A variety of control strategies for zone controller 46 are usable. In general, however, zone controller 46 is configured to open and close dampers 40, 42, 44, in response to signals from thermostats 26, 28, 30, respectively, and to operate conditioning unit 32. For example, if zone controller 46 senses that thermostat 26 is calling for heat because the temperature in zone 20 has fallen below a preset level, then zone controller 46 sends a signal to conditioning unit 32 to turn on and signals damper 40 to be in an open position. Heated air from conditioning unit 32 will then travel through duct 34, through damper 40, and into zone 20, thereby tending to increase the temperature within zone 20. If at the same time thermostats 28, 30 in zones 22, 24 do not call for heat, dampers 42, 44 will be closed and heated air will not travel through ducts 36, 38 into zones 22, 24. The operation of HVAC system 10 in response to other thermostat signals from other zones and other combinations of zones is similar. HVAC system 10 may include other sensing devices and other sources of input to zone controller 46, as well as other actuating devices and other devices that are controlled by zone controller 46.

An embodiment of a damper configured for installation in a duct is shown in perspective view in FIG. 2. Damper assembly 120 generally includes a frame 122 configured for attachment to a duct, a damper blade 126 configured to control airflow in a duct, and a damper blade shaft 128 configured for attachment to damper blade 126, and an actuator 124 configured to cause rotation of damper blade shaft 128. Damper assembly 120 is also shown in FIG. 3 in a side view and in FIG. 4 in a different perspective view. Many embodiments of damper blade shaft 128 are usable. In one embodiment, damper blade shaft 128 has a hexagonal cross section. Damper blade shaft 128 is attached to damper blade 126, such that damper blade shaft 128 forms an axis of rotation 144 generally through an approximate center 140 of damper blade 126. In the embodiment of FIGS. 2 and 3, damper blade shaft 128 is attached to damper blade 126 through strap 160. However, many other usable embodiments exist for attaching damper blade shaft 128 to damper blade 126, such as fasteners, brackets, welding, etc. Damper blade shaft 128 passes through frame 122 to engage with actuator 124, or alternatively engages with actuator 124 through a mechanism, in such a way that actuator 124 can control the rotational position of damper blade shaft 128 and damper blade 126 with respect to frame 122. At the location where damper blade shaft 128 passes through frame 122 and other associated components, a bushing 146 is used to provide a rotational bearing area and support. Bushing 146 is shown in the cross-sectional view of damper assembly 120 in FIG. 6. Bushing 146 extends generally through frame 122. As shown in FIGS. 3 and 6, one embodiment of the frame 122 includes two parts. The frame 122 includes a mounting bracket 123, which is attached to the duct wall, and a saddle 125, which is attached to the mounting bracket 123 and the actuator 124. In one embodiment, the bushing passes through both the mounting bracket 123 and the saddle 125.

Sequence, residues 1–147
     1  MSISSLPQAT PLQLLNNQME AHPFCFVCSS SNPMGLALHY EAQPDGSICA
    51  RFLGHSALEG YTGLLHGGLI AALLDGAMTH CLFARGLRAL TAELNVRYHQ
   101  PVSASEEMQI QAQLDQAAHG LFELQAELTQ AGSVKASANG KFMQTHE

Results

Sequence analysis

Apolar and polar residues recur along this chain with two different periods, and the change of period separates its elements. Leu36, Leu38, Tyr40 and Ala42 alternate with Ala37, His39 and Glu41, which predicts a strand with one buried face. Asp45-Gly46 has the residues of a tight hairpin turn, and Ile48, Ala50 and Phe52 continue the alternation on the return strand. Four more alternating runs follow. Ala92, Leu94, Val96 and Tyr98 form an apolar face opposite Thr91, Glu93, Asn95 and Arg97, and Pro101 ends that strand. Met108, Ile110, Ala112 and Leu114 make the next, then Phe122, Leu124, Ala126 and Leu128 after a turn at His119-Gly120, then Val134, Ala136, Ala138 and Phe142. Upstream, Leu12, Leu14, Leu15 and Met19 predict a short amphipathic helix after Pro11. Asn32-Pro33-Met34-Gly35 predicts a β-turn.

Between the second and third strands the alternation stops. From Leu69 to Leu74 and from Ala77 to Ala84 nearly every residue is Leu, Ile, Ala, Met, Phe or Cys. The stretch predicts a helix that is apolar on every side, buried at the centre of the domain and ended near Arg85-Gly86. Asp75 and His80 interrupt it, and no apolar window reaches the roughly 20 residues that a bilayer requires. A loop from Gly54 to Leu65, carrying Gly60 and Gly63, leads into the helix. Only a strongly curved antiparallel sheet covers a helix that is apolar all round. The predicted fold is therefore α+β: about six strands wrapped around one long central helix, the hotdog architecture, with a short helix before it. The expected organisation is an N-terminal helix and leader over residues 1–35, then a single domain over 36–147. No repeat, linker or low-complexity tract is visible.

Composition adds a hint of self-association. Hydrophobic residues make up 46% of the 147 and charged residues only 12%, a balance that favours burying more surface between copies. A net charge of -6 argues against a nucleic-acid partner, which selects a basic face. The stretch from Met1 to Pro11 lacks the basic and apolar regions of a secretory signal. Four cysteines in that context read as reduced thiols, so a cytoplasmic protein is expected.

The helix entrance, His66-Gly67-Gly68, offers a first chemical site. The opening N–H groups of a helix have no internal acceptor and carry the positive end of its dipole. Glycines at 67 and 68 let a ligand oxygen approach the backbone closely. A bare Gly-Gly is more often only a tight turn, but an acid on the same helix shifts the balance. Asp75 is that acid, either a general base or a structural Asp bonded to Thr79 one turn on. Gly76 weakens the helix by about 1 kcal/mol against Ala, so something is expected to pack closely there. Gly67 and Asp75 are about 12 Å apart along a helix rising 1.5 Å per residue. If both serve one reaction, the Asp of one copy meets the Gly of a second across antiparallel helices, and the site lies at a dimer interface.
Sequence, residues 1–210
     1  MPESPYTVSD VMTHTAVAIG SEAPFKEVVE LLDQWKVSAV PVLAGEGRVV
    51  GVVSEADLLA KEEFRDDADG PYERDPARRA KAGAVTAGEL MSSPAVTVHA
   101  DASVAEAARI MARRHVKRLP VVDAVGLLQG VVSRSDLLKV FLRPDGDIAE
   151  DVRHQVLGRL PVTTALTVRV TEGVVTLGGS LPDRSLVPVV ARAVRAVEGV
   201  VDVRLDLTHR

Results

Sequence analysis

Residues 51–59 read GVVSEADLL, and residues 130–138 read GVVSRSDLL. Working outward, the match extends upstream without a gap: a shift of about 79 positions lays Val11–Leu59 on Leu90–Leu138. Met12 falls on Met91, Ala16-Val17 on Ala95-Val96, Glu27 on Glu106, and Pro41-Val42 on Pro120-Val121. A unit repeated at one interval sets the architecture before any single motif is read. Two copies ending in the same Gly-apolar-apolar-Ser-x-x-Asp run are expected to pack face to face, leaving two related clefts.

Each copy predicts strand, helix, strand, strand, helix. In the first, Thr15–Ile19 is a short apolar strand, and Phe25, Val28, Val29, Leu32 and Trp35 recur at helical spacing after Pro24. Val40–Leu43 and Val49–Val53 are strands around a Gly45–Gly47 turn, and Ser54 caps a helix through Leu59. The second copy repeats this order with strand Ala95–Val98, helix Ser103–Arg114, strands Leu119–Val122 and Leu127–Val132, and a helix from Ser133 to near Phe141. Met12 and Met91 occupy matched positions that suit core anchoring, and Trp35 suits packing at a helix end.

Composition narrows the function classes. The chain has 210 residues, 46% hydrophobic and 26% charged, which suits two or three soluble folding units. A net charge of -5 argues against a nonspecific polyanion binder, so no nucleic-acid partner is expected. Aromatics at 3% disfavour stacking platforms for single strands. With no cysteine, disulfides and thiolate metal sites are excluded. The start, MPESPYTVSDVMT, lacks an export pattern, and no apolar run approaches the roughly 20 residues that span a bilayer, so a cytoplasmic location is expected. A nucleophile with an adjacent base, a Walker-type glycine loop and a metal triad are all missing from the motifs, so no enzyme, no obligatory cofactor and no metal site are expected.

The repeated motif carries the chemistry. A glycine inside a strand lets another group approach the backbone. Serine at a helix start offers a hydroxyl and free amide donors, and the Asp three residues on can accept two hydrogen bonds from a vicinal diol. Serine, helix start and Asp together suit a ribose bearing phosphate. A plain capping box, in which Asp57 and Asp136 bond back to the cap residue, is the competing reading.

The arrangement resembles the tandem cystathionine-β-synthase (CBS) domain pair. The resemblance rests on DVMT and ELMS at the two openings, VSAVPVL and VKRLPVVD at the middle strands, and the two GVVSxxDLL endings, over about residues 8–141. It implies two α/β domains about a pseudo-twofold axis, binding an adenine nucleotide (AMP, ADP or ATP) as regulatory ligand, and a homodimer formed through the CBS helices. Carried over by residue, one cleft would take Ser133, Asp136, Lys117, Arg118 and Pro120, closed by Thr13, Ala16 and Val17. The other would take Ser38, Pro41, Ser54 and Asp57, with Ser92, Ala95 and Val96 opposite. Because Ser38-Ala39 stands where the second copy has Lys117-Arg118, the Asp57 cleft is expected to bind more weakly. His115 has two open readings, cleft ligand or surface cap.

Damper blade 126 is configured to control air flow in a duct having a certain cross-sectional profile. For example, where a duct is generally round, damper blade 126 will be generally round, or where a duct is generally rectangular, damper blade 126 will be generally rectangular. Damper blade 126 is generally planar in shape, so that its thickness is significantly less than its height and width or diameter. The height and width or diameter of damper blade 126 are examples of major dimensions of the damper blade 126. Damper blade 126 generally has a major dimension that is sized to correspond to the duct sizing, such that the major dimension of the damper blade 126 is slightly smaller than an interior dimension of the duct. For example, in one embodiment the major dimension of damper blade 126 is about 1.625 inches smaller than an interior dimension of the duct. In another embodiment, the major dimension of damper blade 126 is 1.5 inches to 1.75 inches less than an interior dimension of the duct. The major dimension of damper blade 126 corresponds to a dimension that is useful for controlling the air flow in a duct.